NIKKI: So you’re already branching out of your area. That’s dope! Tell me about how you find some of the locations for these videos. You have some amazing visuals.

KING: Appreciate it, and honestly just being observant. I also use google maps and take recommendations from the people I work with, especially if I’m in a new city—just network.

NIKKI: Have you ever had to shoot a video in a sketchy area to get the look you were going for?  

KING: Yes, definitely (laughs) in the trap, and in an abandoned school. I was in a location one time and someone threatened to stab us if we didn’t leave. I’ve had to trespass before on private property, and you know 12 be everywhere. But it’s worth it because in the end you’ll be glad you did it and if you don’t you’ll ask yourself why you didn’t do it (laughs) so the moral of the story is, sometimes you just gotta say fuck it and get the job done.

NIKKI: Some of your music videos have pretty concrete storylines. Do you also double as a director for your videos?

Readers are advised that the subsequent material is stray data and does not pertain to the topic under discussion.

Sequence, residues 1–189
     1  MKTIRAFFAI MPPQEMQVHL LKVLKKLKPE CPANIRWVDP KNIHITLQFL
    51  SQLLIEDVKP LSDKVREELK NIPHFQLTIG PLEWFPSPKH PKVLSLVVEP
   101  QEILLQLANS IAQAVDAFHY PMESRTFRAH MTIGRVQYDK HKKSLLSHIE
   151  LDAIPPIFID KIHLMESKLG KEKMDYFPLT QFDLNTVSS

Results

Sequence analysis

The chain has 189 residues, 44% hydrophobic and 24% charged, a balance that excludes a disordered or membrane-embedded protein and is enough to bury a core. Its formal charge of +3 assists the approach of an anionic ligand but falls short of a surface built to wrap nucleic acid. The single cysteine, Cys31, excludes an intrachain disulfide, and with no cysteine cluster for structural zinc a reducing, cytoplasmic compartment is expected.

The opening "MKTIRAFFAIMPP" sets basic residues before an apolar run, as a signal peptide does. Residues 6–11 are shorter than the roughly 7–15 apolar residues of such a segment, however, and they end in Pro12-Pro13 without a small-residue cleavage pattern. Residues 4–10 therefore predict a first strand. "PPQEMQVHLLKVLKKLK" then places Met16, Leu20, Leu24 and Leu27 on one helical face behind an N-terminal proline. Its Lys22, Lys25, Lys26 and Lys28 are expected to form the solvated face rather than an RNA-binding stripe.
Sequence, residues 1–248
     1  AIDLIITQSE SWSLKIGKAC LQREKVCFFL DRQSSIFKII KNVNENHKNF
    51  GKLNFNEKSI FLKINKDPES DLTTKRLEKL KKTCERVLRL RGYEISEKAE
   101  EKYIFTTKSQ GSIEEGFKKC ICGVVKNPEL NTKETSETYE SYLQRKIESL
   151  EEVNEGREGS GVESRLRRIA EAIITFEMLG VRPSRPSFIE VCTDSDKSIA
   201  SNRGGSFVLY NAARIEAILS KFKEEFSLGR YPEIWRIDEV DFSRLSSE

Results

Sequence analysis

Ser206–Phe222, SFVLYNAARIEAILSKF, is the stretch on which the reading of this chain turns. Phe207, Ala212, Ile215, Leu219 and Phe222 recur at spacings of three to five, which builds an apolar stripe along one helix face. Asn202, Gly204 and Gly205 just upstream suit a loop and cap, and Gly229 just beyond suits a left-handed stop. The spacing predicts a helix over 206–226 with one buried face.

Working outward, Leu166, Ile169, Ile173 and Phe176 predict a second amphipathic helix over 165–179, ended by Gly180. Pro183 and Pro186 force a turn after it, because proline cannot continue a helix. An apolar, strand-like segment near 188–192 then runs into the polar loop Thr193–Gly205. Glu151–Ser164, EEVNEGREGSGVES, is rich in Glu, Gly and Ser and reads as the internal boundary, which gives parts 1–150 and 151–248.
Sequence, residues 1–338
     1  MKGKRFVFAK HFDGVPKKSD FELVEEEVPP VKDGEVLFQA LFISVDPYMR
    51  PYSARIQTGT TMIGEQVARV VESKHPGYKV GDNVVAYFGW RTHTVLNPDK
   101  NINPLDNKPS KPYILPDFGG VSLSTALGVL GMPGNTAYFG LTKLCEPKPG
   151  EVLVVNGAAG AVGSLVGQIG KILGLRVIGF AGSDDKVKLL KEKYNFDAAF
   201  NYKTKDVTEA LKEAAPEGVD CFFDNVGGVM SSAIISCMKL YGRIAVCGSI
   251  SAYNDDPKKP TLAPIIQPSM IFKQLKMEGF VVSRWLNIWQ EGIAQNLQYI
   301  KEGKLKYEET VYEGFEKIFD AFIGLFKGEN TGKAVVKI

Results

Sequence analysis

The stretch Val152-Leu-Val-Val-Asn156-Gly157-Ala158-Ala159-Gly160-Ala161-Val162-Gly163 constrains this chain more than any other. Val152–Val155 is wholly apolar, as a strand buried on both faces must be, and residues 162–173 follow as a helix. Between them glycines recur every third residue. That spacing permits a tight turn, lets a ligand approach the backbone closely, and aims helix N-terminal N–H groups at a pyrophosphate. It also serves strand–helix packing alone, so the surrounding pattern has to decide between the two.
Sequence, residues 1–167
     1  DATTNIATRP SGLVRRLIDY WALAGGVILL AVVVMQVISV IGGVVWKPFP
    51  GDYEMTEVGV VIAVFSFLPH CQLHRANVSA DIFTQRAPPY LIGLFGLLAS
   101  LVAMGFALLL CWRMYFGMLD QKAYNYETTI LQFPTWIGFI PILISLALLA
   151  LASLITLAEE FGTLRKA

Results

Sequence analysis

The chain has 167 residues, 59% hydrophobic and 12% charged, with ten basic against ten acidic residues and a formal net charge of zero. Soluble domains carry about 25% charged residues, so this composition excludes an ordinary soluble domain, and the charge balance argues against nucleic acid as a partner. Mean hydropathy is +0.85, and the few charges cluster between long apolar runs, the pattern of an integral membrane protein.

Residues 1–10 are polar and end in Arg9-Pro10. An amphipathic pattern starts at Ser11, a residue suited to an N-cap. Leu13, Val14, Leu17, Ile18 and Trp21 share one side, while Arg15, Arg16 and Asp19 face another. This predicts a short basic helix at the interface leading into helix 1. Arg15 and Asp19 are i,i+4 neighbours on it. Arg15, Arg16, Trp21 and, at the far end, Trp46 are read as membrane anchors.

KING: Yes, I do. I often sit down with the artist and just pick their brains about the vibe and feelings they’re trying to evoke from the song and try to come up with something that paints the picture we envision.

NIKKI: That’s smart, you as the director and the artist should always be aligned. Well, King, what can we expect from you in the next few years? Do you see directing, on a larger scale, in your future?

KING: Definitely, I definitely see directing as something I’ll do in the future. In the next few years though, I plan to build my company to where I have employees and be half-way into revolutionizing the game (laughs) don’t put that. Nah but honestly, I want to do short films, more commercials with top brands…..a lot of partnerships.

NIKKI: So how do you plan to continue to grow and stay innovative? I’m sure there are a ton of people who do what you do - how do you plan to set yourself apart with your editing and ideas?

KING: Do like the greats do. Stay up to date with what’s cutting edge and never be afraid to try new things and switch it up. Oh, and also stay objective and have an objective outlook on the work I put out. Like, if my work sucks, I need to be able to say this shit is ass — I never want to get comfortable or be satisfied with where I am.

NIKKI: As we come to a close, do you have advice for anyone wanting to do what you do?

KING: Stop caring about what people think or say, just do it. If I can do it,  you can do it too.

ZeKing can be contacted via the following social media platforms:

Instagram: @craftedbyzeking Youtube: ZeKing ( Website: (